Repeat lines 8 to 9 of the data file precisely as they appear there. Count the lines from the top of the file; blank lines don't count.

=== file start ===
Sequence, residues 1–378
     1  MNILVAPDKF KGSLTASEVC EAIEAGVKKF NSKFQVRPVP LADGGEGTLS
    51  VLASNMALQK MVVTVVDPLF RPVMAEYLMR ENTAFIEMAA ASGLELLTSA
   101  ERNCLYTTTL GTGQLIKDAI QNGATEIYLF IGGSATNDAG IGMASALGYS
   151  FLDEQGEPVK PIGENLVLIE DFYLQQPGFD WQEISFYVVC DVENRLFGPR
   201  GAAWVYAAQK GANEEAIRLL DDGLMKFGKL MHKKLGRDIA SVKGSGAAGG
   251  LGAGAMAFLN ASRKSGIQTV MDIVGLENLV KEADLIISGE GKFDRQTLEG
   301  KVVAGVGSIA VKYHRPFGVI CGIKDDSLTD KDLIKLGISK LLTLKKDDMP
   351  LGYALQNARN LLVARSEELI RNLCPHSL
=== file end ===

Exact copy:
   301  KVVAGVGSIA VKYHRPFGVI CGIKDDSLTD KDLIKLGISK LLTLKKDDMP
   351  LGYALQNARN LLVARSEELI RNLCPHSL